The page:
The brick chimney is all that's left standing amid smouldering ruins after an explosion levelled a Saskatoon home and killed one person.
The Saskatoon Fire Department received multiple calls about an explosion at a house in the 2200 block of Clarence Avenue S. just before 4 a.m. on Saturday, said Saskatoon Fire Department Chief Morgan Hackl.
Two police officers initially responded to a report of house fire in the same area, the Saskatoon Police Service said in a separate news release. When officers arrived, they heard an explosion and fires started at two adjacent properties, according to the police service's news release.
The fire department sent multiple engines to the scene. When crews arrived they found a house levelled by an explosion.
Hackl said the force of the explosion sent parts of the house in all directions.
"The gable ends of the home and parts of the roof ended up on each neighbouring house to the north and the south and the force of that would be felt in many homes spread across that block," Hackl said.
"The front walls of the home were blown out onto the grass, the entire front window jamb was actually blown out of its structure and is on the street."
Large debris, vehicles and a detached garage were on fire. Crews worked quickly to protect neighbouring homes and extinguish the fires.
Residents in the area were asked to leave their homes until the fire was under control, police said in their early morning news release.
Hackl said at 7:11 a.m. a body was located in the basement of this property, but said no further information was available about the person who was killed.
"All of the debris from the fire entered into the basement and that is where the body is located," Hackl said. "Fire investigators and fire crews will remove the body, it will be turned over to the police and the coroner and an identification will be done at that time."
'Thought my house had been hit by lightning': neighbour
Adam Leontowich, who lives just two doors down from the house that was destroyed, said he was awoken by an initial explosion and sirens.
"And then there was another smaller explosion and I looked outside and police were telling people to leave their house and get out, and the flames were growing," Leontowich said. "It was terrifying."
A shaken neighbour, who did not want to be named, said his house has significant damage.
He said part of the neighbour's roof landed on his roof and and the shock wave knocked drywall onto his daughter's bed.
Part of a fence and a wall landed on his car, he said.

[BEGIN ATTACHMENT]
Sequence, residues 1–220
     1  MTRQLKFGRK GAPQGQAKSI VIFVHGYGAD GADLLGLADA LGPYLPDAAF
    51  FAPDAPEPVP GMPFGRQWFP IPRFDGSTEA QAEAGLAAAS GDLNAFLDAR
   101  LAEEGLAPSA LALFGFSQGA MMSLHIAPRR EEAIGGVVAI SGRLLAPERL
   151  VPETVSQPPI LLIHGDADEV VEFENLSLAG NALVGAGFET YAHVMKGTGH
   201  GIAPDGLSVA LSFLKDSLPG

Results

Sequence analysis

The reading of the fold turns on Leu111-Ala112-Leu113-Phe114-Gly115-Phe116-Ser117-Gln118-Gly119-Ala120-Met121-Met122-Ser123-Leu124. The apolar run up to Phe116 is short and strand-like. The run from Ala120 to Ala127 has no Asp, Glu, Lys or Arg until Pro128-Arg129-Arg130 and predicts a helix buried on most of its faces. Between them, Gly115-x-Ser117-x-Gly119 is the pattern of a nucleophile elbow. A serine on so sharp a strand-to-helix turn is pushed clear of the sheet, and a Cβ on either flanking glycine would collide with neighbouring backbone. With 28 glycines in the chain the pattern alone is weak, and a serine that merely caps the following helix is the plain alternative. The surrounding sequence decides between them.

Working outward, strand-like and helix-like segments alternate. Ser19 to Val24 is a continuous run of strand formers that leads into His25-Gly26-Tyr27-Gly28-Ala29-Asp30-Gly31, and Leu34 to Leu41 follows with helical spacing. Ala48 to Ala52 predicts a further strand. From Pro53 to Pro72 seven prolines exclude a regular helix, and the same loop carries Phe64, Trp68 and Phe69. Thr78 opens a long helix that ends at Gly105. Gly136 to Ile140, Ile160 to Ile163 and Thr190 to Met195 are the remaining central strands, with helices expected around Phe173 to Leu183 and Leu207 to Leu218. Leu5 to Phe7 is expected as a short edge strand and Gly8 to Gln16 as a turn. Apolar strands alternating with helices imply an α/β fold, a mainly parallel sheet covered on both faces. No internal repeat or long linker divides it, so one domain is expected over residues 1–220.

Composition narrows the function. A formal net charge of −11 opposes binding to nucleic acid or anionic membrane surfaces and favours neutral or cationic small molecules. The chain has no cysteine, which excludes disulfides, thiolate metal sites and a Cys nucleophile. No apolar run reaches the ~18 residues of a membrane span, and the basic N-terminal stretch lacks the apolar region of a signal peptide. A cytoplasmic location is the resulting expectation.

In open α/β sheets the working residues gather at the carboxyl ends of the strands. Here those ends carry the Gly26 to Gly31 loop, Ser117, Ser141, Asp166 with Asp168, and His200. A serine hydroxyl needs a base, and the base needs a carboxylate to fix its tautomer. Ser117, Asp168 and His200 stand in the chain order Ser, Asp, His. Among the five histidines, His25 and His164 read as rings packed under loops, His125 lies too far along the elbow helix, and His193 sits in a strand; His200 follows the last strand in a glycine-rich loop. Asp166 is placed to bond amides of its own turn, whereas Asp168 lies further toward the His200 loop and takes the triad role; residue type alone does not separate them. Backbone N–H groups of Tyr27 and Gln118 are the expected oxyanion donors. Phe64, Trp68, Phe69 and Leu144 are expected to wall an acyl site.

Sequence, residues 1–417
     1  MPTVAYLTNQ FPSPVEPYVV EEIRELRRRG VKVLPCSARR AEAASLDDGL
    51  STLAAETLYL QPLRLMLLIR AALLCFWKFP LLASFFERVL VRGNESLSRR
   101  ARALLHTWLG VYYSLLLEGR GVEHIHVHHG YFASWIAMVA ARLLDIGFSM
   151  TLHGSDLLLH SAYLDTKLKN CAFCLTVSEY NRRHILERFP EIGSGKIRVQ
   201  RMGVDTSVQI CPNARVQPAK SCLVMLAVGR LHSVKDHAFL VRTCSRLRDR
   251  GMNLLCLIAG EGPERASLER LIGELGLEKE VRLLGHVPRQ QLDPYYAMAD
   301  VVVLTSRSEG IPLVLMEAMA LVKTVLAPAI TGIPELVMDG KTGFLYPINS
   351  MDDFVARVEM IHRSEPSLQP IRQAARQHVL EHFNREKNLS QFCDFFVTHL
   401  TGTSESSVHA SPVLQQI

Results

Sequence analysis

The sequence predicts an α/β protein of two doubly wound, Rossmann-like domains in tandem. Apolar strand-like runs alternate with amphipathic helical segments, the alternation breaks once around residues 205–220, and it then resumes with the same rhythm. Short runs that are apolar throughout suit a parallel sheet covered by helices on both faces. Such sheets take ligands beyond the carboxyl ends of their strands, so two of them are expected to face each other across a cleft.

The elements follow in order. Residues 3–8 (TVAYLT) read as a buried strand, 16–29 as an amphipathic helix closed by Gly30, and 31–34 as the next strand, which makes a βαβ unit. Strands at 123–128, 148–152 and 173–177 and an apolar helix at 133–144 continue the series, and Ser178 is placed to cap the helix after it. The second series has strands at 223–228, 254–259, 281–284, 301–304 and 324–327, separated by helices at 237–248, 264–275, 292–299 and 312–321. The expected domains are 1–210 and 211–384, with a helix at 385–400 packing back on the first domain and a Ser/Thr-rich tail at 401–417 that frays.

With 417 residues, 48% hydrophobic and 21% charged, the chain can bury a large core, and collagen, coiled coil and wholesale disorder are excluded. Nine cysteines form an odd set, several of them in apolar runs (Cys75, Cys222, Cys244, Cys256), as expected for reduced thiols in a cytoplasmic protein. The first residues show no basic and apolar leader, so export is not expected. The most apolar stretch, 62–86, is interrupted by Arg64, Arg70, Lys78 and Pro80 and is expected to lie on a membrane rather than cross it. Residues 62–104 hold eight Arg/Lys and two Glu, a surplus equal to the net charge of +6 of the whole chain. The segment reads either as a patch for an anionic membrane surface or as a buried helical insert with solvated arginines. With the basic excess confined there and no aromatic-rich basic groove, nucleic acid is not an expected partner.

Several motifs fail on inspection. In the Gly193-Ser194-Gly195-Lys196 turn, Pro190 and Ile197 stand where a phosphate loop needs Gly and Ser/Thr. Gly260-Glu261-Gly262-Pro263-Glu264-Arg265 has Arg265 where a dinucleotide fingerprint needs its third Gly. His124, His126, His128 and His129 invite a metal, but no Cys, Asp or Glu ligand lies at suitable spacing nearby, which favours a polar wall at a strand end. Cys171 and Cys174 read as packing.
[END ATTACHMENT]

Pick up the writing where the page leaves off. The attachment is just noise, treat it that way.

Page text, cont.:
Another nearby neighbour, Carol Lumb, said the explosion shook her house.
"There was just a huge bang," Lumb said. "I actually thought my house had been hit by lightning, or a plane had crashed. That was how loud it was.
"My dog went out of his mind. And then it was a bit of confusion because you wonder what the heck has gone on. I kept looking at the sky, thinking 'what just happened?'"
Anthony Epp, who lives three blocks east of the explosion on Monroe Avenue, found ash on his truck from the fire.
Epp said he heard sirens and what sounded like tires popping and thought it was a police chase. Then he smelled smoke and wasn't sure if the two thing were connected until seeing the damage for himself.
Investigators from the major crimes unit are working with the forensic identification unit and the fire department to investigate the cause and circumstances related to the explosion.
Hackl said they have been told only one person lived at the house.
"But the piece we cannot confirm, of course, if there was somebody in that home with this resident at that time."
Hackl said the basement needs to be pumped out to allow investigators to sift through all the debris and determine if if there is anyone else in the building.
Hackl said a natural gas explosion possibly could have caused the blast.
"There's a probability that it was in natural gas that did cause this," he said, but added investigators along with SaskEnergy personnel still need to determine the exact cause of the explosion."
Similar explosion in 1988
Hackl said the last house explosion like this one happened back in 1988.
"We had a house fire on Avenue J North. It was a weeknight, we were sitting upstairs at the coffee table and the crew here [at Fire Hall No. 1], we all felt the hall shake," he said.
"When we arrived on scene, we had three house fires. So the house involved and the neighbouring properties on each side involved in fire. We had large, roughly 20 metre spruce trees fully engulfed in flames like a candlestick."